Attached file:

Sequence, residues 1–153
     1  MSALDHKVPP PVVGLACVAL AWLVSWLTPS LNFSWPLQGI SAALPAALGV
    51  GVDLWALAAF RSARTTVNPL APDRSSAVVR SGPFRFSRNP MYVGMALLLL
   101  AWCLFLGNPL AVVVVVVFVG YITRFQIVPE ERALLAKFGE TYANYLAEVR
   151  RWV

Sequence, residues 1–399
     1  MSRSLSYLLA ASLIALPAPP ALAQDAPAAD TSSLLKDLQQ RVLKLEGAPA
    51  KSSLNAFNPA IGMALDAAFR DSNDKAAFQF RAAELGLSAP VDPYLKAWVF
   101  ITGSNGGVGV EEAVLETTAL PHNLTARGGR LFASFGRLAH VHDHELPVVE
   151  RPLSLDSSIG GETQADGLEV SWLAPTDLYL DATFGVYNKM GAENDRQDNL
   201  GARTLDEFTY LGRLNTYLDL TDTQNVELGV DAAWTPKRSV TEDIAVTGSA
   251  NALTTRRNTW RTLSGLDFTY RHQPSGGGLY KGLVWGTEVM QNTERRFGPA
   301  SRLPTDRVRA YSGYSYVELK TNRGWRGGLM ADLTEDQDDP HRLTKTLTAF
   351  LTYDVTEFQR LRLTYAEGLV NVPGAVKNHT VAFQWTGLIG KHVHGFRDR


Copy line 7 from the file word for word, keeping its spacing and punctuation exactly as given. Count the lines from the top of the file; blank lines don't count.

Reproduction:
     1  MSRSLSYLLA ASLIALPAPP ALAQDAPAAD TSSLLKDLQQ RVLKLEGAPA